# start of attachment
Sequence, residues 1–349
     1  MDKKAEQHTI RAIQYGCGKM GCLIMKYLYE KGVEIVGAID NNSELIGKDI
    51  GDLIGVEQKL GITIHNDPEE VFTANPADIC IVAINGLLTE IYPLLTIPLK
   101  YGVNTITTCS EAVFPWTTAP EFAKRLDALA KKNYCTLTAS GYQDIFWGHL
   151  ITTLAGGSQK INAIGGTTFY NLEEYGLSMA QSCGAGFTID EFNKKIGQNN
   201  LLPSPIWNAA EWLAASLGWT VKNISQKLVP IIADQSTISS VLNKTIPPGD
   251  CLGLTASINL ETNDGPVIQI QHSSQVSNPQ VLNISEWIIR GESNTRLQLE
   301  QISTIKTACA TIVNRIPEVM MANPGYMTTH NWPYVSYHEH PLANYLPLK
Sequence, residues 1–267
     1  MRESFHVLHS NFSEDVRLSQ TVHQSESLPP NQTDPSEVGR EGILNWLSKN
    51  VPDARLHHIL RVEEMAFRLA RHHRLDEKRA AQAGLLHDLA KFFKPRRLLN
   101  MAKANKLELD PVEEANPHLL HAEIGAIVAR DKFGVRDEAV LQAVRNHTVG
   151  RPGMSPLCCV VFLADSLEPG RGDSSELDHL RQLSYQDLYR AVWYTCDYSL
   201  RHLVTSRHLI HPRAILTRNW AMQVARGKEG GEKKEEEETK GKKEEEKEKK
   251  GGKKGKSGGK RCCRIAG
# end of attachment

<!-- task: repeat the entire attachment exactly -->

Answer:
Sequence, residues 1–349
     1  MDKKAEQHTI RAIQYGCGKM GCLIMKYLYE KGVEIVGAID NNSELIGKDI
    51  GDLIGVEQKL GITIHNDPEE VFTANPADIC IVAINGLLTE IYPLLTIPLK
   101  YGVNTITTCS EAVFPWTTAP EFAKRLDALA KKNYCTLTAS GYQDIFWGHL
   151  ITTLAGGSQK INAIGGTTFY NLEEYGLSMA QSCGAGFTID EFNKKIGQNN
   201  LLPSPIWNAA EWLAASLGWT VKNISQKLVP IIADQSTISS VLNKTIPPGD
   251  CLGLTASINL ETNDGPVIQI QHSSQVSNPQ VLNISEWIIR GESNTRLQLE
   301  QISTIKTACA TIVNRIPEVM MANPGYMTTH NWPYVSYHEH PLANYLPLK
Sequence, residues 1–267
     1  MRESFHVLHS NFSEDVRLSQ TVHQSESLPP NQTDPSEVGR EGILNWLSKN
    51  VPDARLHHIL RVEEMAFRLA RHHRLDEKRA AQAGLLHDLA KFFKPRRLLN
   101  MAKANKLELD PVEEANPHLL HAEIGAIVAR DKFGVRDEAV LQAVRNHTVG
   151  RPGMSPLCCV VFLADSLEPG RGDSSELDHL RQLSYQDLYR AVWYTCDYSL
   201  RHLVTSRHLI HPRAILTRNW AMQVARGKEG GEKKEEEETK GKKEEEKEKK
   251  GGKKGKSGGK RCCRIAG